Introduction to RPGs with Professor Chocobo
Gather round ye children for a tale of a mythical beast,
A small and yellow Chocobo, to say the very least.
He started out a footnote in Final Fantasy,
But greater fame and fortune seemed to be his destiny.
As the story grows and grows, from Fantasies Two through Eight,
Our dearest Chocobo got a racer that wasn't very great.
Now at last he's in an RPG his very own,
With patience read the rest to discover all that's shown.
But alas, dear friends, I'm sad to say it only seems fit,
That in the end a game like this is such a piece of...
Chocobo, the cloyingly cute bird of the Final Fantasy world, has entered the role-playing fray on his very own in the guise of Chocobo's Mysterious Dungeon. Chocobo and his little buddy Mog are in search of treasure. Well, at least the money-grubbin' Mogster is… all Chocobo wants is a little snack. During the search for their personal ideas of wealth, the duo enter a mysterious dungeon. As they fend for their lives, they will encounter friends such as Shiroma, the white mage, and Cid, the inventor. Perhaps, eventually, they will find out what the true treasure is…
Chocobo's Dungeon 2 is a randomized RPG game. Every time you visit the dungeon, it changes, revealing new terrain and treasures. The goal is to keep progressing deeper into the depths of the dungeon by way of staircases. The randomization can sometimes place you right next to the stairs or set you a fair distance away. This can lead to some problems: one time, the randomizer engine constructed a single 9 square room with the stairs in the center - not the most difficult of dungeons. When you die in a dungeon, no matter where you are, you will lose all your possessions and be cast outside, forced to start all over.
The gameplay is fairly straightforward. You go into the dungeon and die repeatedly until you level up to the point where you are strong enough to make it through the entire dungeon. After braving your way to the last floor and beating whatever boss is at the end, you'll encounter some dorky event that will whisk you away to the next part of the story… and the next dungeon to conquer, starting the process over. Repetitious would be an understatement.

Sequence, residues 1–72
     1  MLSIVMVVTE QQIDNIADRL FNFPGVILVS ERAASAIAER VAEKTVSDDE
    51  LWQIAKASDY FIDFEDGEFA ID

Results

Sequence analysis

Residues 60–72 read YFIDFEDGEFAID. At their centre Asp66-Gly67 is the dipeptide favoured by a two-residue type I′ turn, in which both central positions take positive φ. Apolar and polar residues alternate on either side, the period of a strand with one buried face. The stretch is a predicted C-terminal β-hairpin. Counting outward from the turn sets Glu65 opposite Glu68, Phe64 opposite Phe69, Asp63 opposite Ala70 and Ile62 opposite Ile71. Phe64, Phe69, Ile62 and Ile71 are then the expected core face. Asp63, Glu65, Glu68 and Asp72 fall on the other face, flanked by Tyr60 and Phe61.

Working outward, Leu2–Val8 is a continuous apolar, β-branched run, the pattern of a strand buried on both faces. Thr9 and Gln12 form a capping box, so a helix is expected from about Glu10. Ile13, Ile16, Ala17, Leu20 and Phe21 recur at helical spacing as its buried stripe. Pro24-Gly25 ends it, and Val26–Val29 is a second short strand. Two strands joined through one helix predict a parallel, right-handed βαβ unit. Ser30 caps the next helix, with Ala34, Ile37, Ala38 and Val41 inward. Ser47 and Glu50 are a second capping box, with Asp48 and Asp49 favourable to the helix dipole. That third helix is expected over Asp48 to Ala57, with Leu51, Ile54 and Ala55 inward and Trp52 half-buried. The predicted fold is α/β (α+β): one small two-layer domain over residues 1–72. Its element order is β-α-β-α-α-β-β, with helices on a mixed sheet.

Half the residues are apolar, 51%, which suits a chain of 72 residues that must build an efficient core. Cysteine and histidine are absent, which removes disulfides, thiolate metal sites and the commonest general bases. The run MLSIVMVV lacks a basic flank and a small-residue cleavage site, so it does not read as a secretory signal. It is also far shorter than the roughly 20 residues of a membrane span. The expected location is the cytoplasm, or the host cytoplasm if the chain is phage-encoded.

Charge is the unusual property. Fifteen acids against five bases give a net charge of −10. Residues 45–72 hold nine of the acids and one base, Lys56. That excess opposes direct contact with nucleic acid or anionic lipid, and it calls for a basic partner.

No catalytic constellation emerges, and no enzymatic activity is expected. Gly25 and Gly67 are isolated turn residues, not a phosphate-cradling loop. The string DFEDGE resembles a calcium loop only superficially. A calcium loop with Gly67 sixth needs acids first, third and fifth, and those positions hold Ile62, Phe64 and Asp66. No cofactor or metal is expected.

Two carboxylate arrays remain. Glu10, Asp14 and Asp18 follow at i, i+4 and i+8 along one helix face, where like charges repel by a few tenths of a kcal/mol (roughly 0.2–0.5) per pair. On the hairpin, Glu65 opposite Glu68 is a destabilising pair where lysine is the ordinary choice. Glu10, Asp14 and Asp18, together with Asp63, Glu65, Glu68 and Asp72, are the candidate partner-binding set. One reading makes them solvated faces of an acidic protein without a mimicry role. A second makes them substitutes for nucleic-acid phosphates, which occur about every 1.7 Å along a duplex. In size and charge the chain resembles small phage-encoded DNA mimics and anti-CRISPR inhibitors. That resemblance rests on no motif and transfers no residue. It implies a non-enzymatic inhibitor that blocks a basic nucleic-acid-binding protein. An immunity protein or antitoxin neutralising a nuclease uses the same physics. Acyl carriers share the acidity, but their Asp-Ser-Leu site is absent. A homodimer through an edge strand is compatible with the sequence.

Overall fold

While you do actively control the kicking of your little chocobo friend, the game is still turn-based. Walk up to an enemy and slash him a good one. He'll smack you back. You to him, him to you - back and forth until one goes down for the count. Beneath most enemies are little meters similar to the active battle meters of the Final Fantasy games. When that meter is filled, the enemy will cast its spell.
Magic for your Chocobo is managed through a collection of magic books. This will look familiar to Final Fantasy players with fire, ice, and quake themed spells that increase with power the more you use them. Unlike the physical attacks, the magic is still menu based.
In some dungeons, a second character will accompany you; either a computer or another player can control this character. Don't expect too much out of your companion if it's under computer control. Most of the time it will try to lend a hand, but in general it has a tendency to be erratic.
The 2-player human controlled option, although innovative, isn't fully fleshed out. Not only is the second player limited to basic attacks, but in order to access second player spells, you must switch player 2 back to 'auto.' Having to circumvent the system like this demonstrates how the 2 player mode is lacking. I think they just forgot to finish it.
As for the graphics, the characters are pre-rendered sprites with noticeably rough edges. The backgrounds have no mark of style, generally showcasing a retro low res look, or the repetition of the same old dungeon scheme. On the other hand, between most major events there's a well done CG video. If only the actual game looked so good. Frankly, this game would've been better with the Saga Frontier II storybook graphic style.
Sounds are rehashed mixes of the classic Chocobo song. Damn, I'm tired of that tune. Mediocre and time-tested, nothing stuck out as new or memorable in the audio department. The sounds are familiar little yelps, cries, and slaps. Same old, same old.
This is a game that most adults can only play for half an hour at a time, each just another attempt to get through the dungeon. If you can't, just save and come back to that dungeon when you're stronger. This is really a game for little kids. Few adults will like the lack of focus and the ability to eventually succeed just by doing it over and over again. However, even a role-playing game marketed at a younger audience deserves a good story. Sadly, there is none here.
This could have been a better game. Many of the right elements are here, and the random dungeons up the replay value. However, the lack of depth and no real story to inspire you weaken its fun tremendously. Final Fantasy freaks out there, please don't feel obligated to buy this title because of its indirect relation to your favorite long running series.